The pound to euro exchange rate has suffered a rough week, with sterling hit with losses almost daily. It comes as concerns over a Brexit deal continue to mount.
The pound is currently trading at a rate of 1.0831 against the euro according to Bloomberg at the time of writing.
Following Prime Minister Boris Johnson’s decision to unveil a “controversial” Internal Market’s Bill, the UK came under fire.
In recent days the government has admitted this Bill may break some international laws, yet continue to push ahead with it.
However, EU leaders have warned that faith in the UK is wavering.
European Parliament President David Sassoli warned that “trust and credibility” will be lost if the UK refuses to continue with its commitments.
Ireland’s Foreign Minister Simon Coveney added the UK’s approach was “hugely problematic and illegal”.
Speaking exclusively to Express.co.uk, Michael Brown currency expert of Caxton FX said: “Sterling recorded its biggest 1-day loss against the euro since March yesterday, falling to its lowest levels in almost six months in the process, as the pound took a battering amid another round of Brexit-linked uncertainty, and the euro tore higher after the ECB’s lack of jawboning gave the bulls the green light to take control of the currency.
“Today, given the rather quiet data calendar, investors will continue to pay close attention to incoming headlines – especially around Brexit – while it would not be a surprise to see some risk being taken off the table before the weekend.”
Though there are no major trade talks or announcements anticipated today, it is likely Brexit will continue to lead the way for sterling.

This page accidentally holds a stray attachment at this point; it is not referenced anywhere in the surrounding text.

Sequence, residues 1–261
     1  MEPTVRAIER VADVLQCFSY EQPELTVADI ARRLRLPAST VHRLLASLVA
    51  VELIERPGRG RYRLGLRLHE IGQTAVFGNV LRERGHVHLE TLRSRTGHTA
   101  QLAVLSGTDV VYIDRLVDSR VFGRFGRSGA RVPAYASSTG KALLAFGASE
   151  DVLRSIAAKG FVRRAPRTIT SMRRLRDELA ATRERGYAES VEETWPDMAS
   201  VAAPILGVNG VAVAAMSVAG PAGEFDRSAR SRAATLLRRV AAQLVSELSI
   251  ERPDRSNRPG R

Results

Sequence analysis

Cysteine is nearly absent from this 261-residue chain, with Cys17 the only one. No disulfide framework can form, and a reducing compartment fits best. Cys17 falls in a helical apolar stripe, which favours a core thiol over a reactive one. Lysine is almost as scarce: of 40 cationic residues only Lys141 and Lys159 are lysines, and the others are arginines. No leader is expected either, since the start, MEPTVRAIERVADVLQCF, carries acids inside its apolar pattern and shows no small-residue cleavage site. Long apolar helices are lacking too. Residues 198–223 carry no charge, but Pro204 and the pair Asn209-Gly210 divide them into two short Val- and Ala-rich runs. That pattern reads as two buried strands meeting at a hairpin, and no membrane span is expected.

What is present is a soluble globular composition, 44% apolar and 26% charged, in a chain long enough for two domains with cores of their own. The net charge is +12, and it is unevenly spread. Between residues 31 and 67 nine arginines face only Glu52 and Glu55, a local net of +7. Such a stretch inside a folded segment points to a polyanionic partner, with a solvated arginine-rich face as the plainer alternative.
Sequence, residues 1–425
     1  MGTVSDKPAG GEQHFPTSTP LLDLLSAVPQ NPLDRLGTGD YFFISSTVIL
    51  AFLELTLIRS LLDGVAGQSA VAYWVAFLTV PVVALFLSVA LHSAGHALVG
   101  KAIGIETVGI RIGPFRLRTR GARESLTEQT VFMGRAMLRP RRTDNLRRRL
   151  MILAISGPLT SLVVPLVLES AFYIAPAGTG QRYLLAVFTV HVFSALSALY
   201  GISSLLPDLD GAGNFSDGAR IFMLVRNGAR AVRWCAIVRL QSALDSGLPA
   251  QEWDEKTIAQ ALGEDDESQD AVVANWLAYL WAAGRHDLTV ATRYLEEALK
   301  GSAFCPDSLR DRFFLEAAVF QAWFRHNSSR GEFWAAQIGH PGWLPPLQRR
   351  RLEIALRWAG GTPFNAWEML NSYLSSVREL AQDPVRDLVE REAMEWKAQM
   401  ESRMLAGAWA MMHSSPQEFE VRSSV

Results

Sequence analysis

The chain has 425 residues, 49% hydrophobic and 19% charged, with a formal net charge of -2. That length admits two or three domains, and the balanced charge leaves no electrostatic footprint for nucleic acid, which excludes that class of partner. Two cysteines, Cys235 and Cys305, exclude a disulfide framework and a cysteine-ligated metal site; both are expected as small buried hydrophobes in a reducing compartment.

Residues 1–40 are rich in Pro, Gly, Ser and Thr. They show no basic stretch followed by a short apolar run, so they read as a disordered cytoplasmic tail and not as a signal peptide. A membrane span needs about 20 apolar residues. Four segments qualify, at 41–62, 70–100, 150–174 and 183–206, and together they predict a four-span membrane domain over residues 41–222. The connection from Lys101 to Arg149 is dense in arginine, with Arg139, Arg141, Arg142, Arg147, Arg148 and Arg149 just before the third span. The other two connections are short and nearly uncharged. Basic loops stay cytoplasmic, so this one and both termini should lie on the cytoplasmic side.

“The British Pound dropped to its lowest levels since July against multiple currencies yesterday as no-deal Brexit reared its ugly head once again,” added George Vessey, UK currency strategist for Western Union Business Solutions.
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“The pound extended its decline yesterday following the release of the UK government’s Internal Market Bill, which allows the UK to unilaterally overwrite parts of the Brexit Withdrawal Agreement.
“The Conservative government admitted the bill would break international law, which not only threatens UK-EU trade relations but also UK relations beyond Europe.
“Moreover, Brexit has reignited Scotland’s desire for independence and while the government has refused to allow a referendum, pressure looks to be increasing, which poses another risk to UK economic stability and thus sterling’s value.”
So what does this mean for travel money?
Though travel corridors are once again rapidly changing, there may still be Britons who have impending plans to jet off to Europe in the coming weeks.
For them, staying up-to-date on the headlines is absolutely crucial.
Along with any Brexit-related developments, would-be travellers should also bear in mind any coronavirus updates which could impact exchange rates.
Holidaymakers are also urged to plan in advance if they want to get the most bang for their buck.
Leaving money to be changed at the last minute could result in sky-high fees, as CEO of FairFX (part of the Equals Group), Ian Strafford-Taylor, told Express.co.uk.
“When it comes to getting the most out of your hard-earned holiday money, exchange rates make all the difference,” he said.
“If you buy at the wrong time or from the wrong place, you could miss out on hundreds of pounds.”
He continued: “With Coronavirus and a looming Brexit deadline, there is a lot of uncertainty ahead, which means the pound is vulnerable to further fluctuations.”
The expert warns not to change money at the airport.
“They offer notoriously poor rates, leaving holidaymakers out of pocket once again,” explained the expert.
“Our previous investigations have found some airports offering rates as much as 29 percent lower than the market rate which is a lot of money to lose out on just for leaving it to the last minute.”
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